Honda’s Moto Guzzi-Esque CX500 has been enjoying a huge resurgence in the custom scene. It seems that ever since the Wrenchmonkees unveiled their custom CX500 in 2011 the CX’s popularity has skyrocketed. So much so that here in Australia getting your hands on a well priced, clean example has become quite a challenge. This CX500 Cafe Racer styled beast is the work of Max Hughes of Double Barrel Garage in Sydney. I hit Max up after stumbling across his bike on the gram…that’s what the kids are calling it these days…and he shared the story of its build with me.
When I found the bike 3 years ago it was a non-running, fairly standard example of a ’81 CX500 Shadow. It had done a lot of riding & the previous owner said the 70,000km on the clock was the second time he had seen that number! Since then it has been fully stripped & rebuilt. I mixed & matched parts from a number of model variations of the CX500 to get the look & function I was after. I was after a bike I could get into some adventures with. I wasn’t particularly concerned with sticking to a brief or an ideal, retro looking & fun was what it came down to. Spike (as in the bulldog from Tom & Jerry) is the name it was given by a good friend because of it’s skinny rear end & broad shoulders.
The bike now has a single disc front end from a ’78 with the rotor from a Euro CX500 and caliper from a CB900. The frame is still the original 81 model, but the motor is an ’83 converted to run a CDI ignition. The wheels are from an ’82 CX500 Custom and its tank was taken from a 1980 model CX500. The build was time consuming as most of the original parts of the bike were worn out! In a funny way that actually helped with the build, it gave me the opportunity to acquire parts from a variety of sources that I though suited my vision for the bike. There were a number of big hurdles and a lot of trial and error. Trying to get parts from so many different donor bikes to work cohesively together was a headache at times and I couldn’t have done it without the support of the wider motorcycling community. Most of the work on the bike was done in my 1 car garage, at night or after work. The exhaust and the candy paint job are the only exceptions.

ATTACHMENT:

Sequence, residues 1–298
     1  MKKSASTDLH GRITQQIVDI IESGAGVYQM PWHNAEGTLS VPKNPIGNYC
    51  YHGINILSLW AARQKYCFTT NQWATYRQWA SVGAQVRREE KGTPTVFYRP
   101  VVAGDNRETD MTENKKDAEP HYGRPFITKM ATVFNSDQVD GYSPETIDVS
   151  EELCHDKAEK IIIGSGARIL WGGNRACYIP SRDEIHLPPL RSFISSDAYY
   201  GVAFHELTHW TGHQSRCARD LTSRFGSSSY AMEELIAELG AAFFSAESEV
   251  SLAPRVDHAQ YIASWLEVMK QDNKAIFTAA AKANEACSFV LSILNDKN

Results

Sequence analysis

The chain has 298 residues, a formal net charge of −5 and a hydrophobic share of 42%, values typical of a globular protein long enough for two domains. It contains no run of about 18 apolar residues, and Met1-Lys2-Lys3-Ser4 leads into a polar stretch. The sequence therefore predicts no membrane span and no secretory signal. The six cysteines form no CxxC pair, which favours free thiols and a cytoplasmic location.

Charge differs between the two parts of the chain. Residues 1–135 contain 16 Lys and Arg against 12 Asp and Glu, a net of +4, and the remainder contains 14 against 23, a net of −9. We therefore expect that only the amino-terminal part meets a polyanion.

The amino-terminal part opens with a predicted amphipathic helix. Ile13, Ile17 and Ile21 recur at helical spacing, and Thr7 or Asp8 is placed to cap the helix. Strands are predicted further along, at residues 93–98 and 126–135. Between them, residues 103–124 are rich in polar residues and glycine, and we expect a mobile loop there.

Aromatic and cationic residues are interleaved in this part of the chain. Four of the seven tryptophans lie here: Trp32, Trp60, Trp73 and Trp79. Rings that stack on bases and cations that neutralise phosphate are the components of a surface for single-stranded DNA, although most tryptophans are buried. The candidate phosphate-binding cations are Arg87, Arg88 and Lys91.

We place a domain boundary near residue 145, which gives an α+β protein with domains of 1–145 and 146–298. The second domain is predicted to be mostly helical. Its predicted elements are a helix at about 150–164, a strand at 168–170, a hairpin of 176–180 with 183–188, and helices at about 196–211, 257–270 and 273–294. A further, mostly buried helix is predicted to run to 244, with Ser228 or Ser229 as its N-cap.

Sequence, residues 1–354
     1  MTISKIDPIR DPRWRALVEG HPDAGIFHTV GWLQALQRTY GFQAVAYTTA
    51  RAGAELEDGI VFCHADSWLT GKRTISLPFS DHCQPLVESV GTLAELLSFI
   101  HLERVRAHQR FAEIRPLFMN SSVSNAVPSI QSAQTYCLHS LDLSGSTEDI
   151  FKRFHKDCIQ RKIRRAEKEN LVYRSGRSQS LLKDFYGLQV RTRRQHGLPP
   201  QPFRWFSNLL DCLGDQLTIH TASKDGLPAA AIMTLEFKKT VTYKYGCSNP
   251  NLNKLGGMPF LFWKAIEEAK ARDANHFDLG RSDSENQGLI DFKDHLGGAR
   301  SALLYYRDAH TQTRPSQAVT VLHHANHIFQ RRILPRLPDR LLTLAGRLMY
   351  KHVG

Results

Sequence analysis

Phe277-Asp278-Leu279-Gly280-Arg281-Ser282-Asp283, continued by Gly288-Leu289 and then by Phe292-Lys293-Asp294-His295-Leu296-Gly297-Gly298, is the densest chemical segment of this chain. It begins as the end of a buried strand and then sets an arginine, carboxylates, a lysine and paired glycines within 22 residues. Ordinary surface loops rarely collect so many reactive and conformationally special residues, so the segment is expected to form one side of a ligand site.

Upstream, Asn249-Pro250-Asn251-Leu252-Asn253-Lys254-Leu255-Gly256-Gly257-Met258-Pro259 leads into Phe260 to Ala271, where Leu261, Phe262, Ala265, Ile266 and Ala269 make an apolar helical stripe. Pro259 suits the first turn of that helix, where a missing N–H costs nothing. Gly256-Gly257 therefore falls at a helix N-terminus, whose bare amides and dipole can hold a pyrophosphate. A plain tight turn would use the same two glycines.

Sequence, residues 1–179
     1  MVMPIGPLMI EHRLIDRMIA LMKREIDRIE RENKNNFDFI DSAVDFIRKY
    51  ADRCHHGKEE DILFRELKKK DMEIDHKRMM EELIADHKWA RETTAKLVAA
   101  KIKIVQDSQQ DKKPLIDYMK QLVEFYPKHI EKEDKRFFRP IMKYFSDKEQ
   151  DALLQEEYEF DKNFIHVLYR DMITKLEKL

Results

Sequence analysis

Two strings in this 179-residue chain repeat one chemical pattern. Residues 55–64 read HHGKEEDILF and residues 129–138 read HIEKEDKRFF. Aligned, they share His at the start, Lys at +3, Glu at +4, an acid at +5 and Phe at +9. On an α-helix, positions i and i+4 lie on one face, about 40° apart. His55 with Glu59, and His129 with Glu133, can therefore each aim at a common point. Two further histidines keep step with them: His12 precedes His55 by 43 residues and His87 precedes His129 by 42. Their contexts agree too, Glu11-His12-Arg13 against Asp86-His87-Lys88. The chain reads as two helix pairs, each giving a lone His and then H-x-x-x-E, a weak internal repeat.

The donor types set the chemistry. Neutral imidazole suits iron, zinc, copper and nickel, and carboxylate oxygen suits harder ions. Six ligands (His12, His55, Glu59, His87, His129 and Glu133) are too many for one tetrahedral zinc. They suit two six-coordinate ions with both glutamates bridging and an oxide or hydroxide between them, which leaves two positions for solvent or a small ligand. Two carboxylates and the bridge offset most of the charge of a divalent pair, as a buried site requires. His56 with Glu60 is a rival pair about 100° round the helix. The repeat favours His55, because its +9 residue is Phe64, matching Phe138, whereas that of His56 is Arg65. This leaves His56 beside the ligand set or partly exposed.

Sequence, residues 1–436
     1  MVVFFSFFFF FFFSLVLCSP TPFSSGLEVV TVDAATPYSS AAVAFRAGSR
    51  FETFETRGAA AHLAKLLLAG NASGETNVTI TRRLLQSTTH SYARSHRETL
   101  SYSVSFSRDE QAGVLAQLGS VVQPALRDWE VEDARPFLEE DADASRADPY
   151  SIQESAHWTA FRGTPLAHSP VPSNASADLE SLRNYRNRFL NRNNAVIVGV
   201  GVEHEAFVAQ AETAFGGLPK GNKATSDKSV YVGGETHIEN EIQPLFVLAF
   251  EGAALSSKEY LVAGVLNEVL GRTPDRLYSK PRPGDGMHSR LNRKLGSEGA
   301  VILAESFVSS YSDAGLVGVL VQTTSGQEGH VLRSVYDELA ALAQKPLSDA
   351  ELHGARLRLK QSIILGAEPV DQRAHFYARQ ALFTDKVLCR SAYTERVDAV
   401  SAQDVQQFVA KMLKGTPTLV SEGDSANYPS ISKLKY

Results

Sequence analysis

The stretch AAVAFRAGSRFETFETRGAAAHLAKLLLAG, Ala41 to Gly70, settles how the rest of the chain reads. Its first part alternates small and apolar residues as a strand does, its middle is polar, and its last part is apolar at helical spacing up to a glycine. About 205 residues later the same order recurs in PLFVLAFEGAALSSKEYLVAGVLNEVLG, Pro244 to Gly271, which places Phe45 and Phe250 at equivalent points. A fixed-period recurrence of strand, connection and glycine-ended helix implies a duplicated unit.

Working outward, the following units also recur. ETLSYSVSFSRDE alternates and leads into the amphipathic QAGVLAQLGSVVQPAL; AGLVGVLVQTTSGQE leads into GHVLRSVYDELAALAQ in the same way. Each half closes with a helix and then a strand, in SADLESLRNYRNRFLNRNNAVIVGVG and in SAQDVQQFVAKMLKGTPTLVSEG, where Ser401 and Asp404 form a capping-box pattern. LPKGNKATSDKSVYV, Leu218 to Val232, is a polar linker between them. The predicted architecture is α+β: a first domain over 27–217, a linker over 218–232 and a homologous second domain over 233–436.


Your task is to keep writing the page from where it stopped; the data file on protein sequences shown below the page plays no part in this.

The custom components include the hand-made polished stainless 2 into 1 exhaust, huge 9 inch headlight, indicators & tail light. The battery was relocated under the back of the motor & the air box was given the flick. When it came to the front fender I just cut down the stock unit, but the rear I had to make out of a blank and fit to the frame. In the end I think it is the smaller details that I like the most, all the little touches, the hand drilled wheels, the LED idiot lights I built into the headlight bucket and the wiring loom that I routed through the frame and handle bars. When it comes to the soul of the bike that Honda V twin rumble is hard to beat!!